20 Jan 2011
Bermuda does have some lovely scenery – amazing beaches, pastel painted houses and great golf courses. But that is not why businesses have been coming here for over half a century and why this year capital markets have once again turned their head towards this Atlantic island.
In a global economy recovering from the impact of the international credit crunch, investors and companies have been turning to solid, stable, ‘tried and tested’ jurisdictions for their investment and capital-raising needs. Bermuda has been an obvious choice. Bermuda, which is of one of the most dynamic, stable and well-respected economies in the world, is also home to the Bermuda Stock Exchange (BSX), which has nearly 800 listed securities and has a combined market capitalisation of over $225bn.
And in November, Fitch Ratings affirmed Bermuda’s AA+ credit rating pointing to the fact that its sovereign ratings were supported by its strong institutions, an extremely high per capita income, sustained sizeable current account surpluses and a low public debt burden compared with peers. This year the exchange has added a feather to its cap by surpassing the $1bn mark in listed insurance linked securities (ILS), or catastrophe bonds, after benefitting from the global upsurge in interest in the creation and listing of ILS.
Throughout 2010, investors demonstrated sustained interest in cat bonds, which enable insurance companies to raise capital through the transfer of insurable risk for events such as hurricane or earthquake damage to financial market investors, while their prices have also remained attractive for sponsors of the bonds. At the end of 2009, the Bermuda Monetary Authority introduced legislation that made it easier to form and list insurance linked securities on the British Dependent Territory and since then Bermuda has been positioning itself to attract and list ILS such as catastrophe bonds.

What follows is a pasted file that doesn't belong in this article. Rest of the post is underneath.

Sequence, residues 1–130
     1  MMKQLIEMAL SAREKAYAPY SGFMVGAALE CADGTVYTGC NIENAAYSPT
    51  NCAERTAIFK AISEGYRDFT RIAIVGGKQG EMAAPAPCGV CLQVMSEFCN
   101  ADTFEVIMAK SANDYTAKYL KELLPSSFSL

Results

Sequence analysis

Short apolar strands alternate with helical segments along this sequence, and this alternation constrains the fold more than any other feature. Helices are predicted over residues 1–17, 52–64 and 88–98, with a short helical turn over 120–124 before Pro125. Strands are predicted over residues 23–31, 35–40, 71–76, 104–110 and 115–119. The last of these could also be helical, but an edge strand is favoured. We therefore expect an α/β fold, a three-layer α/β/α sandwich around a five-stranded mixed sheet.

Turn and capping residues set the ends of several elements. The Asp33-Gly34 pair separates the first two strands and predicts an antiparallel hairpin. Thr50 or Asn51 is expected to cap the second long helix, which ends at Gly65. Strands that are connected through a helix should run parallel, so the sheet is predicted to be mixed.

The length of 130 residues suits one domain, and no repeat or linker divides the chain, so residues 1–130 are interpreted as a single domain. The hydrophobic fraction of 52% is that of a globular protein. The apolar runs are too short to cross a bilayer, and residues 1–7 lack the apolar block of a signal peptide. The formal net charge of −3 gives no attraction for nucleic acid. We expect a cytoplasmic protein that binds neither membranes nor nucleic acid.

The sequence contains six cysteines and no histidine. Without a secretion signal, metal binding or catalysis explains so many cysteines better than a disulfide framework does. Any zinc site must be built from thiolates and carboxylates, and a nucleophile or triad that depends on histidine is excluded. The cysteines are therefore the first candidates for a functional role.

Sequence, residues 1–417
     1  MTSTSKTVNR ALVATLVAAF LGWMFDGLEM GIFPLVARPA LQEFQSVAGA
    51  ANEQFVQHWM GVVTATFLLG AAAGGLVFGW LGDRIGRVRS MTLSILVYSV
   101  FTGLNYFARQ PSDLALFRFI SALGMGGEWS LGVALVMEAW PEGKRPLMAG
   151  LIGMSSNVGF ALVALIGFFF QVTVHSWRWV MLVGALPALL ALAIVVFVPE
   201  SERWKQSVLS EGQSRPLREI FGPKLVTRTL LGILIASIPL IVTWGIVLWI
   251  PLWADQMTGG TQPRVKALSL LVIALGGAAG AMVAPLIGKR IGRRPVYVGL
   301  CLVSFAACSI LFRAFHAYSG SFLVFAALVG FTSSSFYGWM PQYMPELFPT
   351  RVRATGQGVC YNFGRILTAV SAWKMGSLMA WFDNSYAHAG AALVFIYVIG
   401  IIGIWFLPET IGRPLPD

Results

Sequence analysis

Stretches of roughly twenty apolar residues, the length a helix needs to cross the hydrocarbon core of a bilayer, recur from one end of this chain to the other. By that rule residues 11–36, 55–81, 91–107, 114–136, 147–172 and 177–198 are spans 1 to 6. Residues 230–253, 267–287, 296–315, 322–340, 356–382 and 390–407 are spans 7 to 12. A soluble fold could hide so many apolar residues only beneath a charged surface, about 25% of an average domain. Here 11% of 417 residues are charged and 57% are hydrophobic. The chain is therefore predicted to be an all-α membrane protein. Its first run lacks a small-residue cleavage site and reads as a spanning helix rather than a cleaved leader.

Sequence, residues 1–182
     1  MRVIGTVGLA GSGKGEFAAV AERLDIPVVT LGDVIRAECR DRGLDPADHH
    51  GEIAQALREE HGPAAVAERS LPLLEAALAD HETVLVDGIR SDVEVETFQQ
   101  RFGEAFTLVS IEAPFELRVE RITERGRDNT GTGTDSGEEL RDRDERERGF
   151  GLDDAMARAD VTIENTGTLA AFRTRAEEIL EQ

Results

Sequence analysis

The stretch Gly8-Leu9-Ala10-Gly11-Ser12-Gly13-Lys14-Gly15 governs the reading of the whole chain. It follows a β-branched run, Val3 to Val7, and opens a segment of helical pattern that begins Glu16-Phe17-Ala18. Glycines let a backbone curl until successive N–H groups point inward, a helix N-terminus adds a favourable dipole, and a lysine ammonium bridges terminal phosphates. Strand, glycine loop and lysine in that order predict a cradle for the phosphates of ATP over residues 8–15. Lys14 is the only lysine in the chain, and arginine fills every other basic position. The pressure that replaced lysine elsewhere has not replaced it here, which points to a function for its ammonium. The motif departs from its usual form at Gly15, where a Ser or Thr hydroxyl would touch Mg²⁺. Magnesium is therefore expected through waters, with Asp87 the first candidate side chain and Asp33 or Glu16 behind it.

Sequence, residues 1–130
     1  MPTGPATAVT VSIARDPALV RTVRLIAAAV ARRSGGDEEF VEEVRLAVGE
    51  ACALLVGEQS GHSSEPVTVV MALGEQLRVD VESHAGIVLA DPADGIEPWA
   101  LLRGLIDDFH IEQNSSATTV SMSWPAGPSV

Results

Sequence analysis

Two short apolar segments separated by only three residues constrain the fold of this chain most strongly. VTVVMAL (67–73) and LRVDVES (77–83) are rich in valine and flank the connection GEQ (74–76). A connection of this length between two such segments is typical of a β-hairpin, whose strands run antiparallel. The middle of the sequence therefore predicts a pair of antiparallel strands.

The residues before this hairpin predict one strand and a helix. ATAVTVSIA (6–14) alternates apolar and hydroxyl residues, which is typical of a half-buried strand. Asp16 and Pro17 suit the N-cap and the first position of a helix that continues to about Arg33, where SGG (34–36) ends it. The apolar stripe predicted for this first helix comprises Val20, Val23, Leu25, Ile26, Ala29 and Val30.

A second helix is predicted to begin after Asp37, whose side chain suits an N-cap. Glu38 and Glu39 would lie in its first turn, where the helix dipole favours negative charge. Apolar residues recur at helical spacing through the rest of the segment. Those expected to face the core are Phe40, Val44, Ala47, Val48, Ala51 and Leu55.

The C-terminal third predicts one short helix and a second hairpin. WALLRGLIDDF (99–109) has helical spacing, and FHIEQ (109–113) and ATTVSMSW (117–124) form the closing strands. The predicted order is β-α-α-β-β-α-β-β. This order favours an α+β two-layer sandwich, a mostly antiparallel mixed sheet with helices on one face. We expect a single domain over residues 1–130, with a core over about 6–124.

The goal is to ensure that Bermuda is the first choice jurisdiction for the creation, listing and potentially secondary market trading of insurance linked security structures. Bermuda could be seen as a natural choice as it is the world’s third largest reinsurance market and is already home to 1,400 insurance companies with total assets of $442bn. Many of its reinsurance companies have issued cat bonds or set up special purpose vehicles such as side cars.
The BSX has listed 10 cat bonds with a combined value of $1.174bn. Three of these have been listed since the end of 2009 – State Farm’s Merna Re II ($350m), Flagstone Reinsurance Holdings SA’s Montana Re transaction ($175m) and an issuance from Chartis, Lodestone Re, worth $425m.
At the BSX we believe there is a role for stock exchanges to play in improving transparency and encourage an efficient, liquid market in ILS. Investors, during this period of recovery, have been looking for open and transparent structures.
The move to have more ILS being listed on exchanges could generate more interest in and increase investor demand as information is more readily on the ILS structures and their pricing. Many professional investors have restrictions on investment in non-listed securities and the exchange-listing of catastrophe bonds could be the trigger that attracts more pension and other institutional investors into the sector.
Bermuda could become a one-stop shop for ILS – the sponsors are here, the special purpose insurers (SPI) are set up here, and the exchange is here. As a thriving international financial services sector and close proximity to the North American and European markets Bermuda is really becoming a centre of convergence – where the reinsurance and capital markets meet in Bermuda and are supported by auxiliary services that have developed as these markets have matured.